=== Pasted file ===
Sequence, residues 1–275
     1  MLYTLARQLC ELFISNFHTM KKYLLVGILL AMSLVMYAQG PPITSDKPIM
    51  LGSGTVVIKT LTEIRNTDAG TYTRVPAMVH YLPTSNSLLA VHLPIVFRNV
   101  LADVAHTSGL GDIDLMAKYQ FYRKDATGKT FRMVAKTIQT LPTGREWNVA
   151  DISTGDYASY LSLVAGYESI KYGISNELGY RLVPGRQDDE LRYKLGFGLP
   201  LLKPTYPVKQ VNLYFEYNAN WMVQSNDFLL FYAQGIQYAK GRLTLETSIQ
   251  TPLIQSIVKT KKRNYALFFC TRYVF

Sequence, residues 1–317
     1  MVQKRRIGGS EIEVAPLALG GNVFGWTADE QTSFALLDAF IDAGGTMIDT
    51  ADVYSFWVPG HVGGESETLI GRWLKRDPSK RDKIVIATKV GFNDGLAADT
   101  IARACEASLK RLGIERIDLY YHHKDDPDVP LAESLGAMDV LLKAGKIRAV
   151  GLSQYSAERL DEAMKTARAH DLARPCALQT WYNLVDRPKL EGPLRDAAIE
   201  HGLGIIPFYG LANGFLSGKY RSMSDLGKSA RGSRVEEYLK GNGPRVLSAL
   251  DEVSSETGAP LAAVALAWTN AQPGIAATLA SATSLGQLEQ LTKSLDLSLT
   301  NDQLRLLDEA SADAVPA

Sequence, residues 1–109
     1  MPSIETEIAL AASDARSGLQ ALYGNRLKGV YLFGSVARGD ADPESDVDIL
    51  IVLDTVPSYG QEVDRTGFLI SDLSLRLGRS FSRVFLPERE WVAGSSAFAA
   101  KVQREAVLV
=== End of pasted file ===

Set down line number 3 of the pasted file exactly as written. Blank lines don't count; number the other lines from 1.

    51  LGSGTVVIKT LTEIRNTDAG TYTRVPAMVH YLPTSNSLLA VHLPIVFRNV